But perhaps the biggest factor holding women’s tailoring back is less cultural—and more anatomical. “There’s a lot that happens in 10 inches on a woman from here to here,” says Lamb, gesturing at the expanse between her shoulder and bust. “And from here to here,” she continues, dropping her hands to her waist and hip. “It’s that simple.” The accumulated knowledge and skill set of master tailors is based on the relative simplicity of men’s bodies. Women’s physiques vary far more dramatically, making them a far “harder nut to crack,” says Lamb. For decades, the overwhelmingly male tailoring establishment didn’t bother to try.
Ironically, the very curves that stump so many tailors are also one of the reasons custom tailoring can help professional women stand apart. Jamak Khazra, founder of Bluesuits, says her bespoke business revolves around women who because of their size ranges “just can’t buy off the rack”—e.g., her client Martine Rothblatt, founder of United Therapeutics, a transgender woman who stands a statuesque six-two. At The Tailory, Yang specializes in a different, if equally tricky, fit, creating a purposefully androgynous silhouette.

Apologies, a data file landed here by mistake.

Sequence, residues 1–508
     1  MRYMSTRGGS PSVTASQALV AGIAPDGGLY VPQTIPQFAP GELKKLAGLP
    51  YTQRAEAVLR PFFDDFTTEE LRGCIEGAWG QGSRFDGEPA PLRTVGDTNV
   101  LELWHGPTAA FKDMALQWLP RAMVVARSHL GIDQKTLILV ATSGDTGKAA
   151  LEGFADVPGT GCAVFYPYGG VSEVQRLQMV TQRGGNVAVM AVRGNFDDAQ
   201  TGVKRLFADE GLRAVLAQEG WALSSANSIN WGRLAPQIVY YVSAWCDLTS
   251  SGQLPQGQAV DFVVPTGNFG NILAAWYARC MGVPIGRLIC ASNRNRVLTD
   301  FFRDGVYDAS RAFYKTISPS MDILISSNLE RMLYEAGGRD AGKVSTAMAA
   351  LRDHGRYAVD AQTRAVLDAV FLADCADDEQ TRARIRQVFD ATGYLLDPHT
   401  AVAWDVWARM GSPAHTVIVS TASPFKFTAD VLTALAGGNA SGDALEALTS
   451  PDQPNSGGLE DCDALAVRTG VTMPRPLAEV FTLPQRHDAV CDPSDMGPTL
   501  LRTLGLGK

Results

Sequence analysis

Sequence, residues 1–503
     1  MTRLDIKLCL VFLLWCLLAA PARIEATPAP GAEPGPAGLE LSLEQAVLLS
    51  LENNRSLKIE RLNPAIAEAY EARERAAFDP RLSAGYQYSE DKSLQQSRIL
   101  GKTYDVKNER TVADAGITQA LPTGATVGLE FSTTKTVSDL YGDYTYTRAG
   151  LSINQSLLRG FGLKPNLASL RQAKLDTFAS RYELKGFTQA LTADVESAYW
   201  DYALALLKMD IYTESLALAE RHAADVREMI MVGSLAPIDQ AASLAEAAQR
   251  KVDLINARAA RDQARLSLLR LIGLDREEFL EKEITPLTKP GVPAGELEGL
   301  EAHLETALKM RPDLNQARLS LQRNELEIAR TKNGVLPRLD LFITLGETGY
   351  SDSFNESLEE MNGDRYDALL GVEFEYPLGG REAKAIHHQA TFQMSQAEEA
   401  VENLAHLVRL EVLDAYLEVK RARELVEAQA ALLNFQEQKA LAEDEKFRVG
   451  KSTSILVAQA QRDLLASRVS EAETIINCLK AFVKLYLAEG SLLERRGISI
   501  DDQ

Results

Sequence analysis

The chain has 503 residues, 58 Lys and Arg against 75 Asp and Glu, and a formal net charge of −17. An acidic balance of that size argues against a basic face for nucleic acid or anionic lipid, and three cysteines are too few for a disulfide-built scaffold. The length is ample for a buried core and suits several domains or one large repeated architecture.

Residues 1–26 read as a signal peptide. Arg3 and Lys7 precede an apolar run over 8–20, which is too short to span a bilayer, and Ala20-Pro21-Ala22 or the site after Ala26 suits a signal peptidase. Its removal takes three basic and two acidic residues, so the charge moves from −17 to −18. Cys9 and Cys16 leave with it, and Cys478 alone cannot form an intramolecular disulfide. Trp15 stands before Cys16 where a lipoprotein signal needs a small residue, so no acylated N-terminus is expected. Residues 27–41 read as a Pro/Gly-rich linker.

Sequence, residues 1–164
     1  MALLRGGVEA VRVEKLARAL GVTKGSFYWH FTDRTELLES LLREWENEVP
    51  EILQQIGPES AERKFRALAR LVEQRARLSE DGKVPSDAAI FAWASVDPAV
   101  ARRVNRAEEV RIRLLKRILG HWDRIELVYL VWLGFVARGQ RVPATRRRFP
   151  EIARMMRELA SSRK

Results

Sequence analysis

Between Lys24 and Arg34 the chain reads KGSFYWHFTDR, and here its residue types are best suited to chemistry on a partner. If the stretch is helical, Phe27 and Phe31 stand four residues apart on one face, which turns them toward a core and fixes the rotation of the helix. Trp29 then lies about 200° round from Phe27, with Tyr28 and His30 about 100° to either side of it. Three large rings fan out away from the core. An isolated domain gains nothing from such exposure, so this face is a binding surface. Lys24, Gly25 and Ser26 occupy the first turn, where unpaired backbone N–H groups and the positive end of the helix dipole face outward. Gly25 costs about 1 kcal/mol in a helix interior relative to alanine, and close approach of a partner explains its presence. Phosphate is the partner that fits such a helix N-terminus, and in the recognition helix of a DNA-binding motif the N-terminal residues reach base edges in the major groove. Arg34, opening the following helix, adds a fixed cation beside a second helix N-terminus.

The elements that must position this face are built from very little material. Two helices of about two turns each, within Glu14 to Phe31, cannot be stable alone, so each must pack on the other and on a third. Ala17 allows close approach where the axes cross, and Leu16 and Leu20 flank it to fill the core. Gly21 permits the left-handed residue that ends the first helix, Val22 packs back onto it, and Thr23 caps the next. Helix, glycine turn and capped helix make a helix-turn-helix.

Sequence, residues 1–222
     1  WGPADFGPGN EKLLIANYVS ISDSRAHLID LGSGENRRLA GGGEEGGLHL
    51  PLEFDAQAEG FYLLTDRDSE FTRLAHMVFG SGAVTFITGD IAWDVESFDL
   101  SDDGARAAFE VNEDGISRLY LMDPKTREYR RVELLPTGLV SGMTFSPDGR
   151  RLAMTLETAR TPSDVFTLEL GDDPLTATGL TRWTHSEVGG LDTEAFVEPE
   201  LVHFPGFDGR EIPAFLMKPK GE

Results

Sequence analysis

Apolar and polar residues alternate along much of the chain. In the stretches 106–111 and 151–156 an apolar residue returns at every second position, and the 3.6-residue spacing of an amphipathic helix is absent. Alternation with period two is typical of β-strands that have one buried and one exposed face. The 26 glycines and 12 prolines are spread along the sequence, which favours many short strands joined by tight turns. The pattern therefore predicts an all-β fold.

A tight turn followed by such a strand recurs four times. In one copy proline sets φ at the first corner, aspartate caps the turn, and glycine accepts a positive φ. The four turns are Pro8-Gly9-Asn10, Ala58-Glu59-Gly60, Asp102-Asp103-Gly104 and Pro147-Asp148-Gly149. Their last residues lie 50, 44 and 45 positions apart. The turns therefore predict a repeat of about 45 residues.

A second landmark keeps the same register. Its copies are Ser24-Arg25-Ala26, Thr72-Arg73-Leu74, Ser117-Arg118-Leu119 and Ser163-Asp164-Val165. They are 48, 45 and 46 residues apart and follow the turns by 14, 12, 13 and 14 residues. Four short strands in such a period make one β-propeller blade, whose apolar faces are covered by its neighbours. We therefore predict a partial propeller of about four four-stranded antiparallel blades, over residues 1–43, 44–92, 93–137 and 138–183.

The undeniably luxe materials of high-end custom have other advantages as well. A “powerful fabric” can help the wearer communicate, says Lamb as she reaches for a jacket made of a deep blue English wool shot through with silvery pinstripes. “For a senior woman, a large part of her audience may be men,” she says. “Most of them have gotten their suits custom made, most of them have seen fabrics like that.” Lamb believes this kind of visual familiarity can “take the walls down—it really does allow you a greater level of influence.”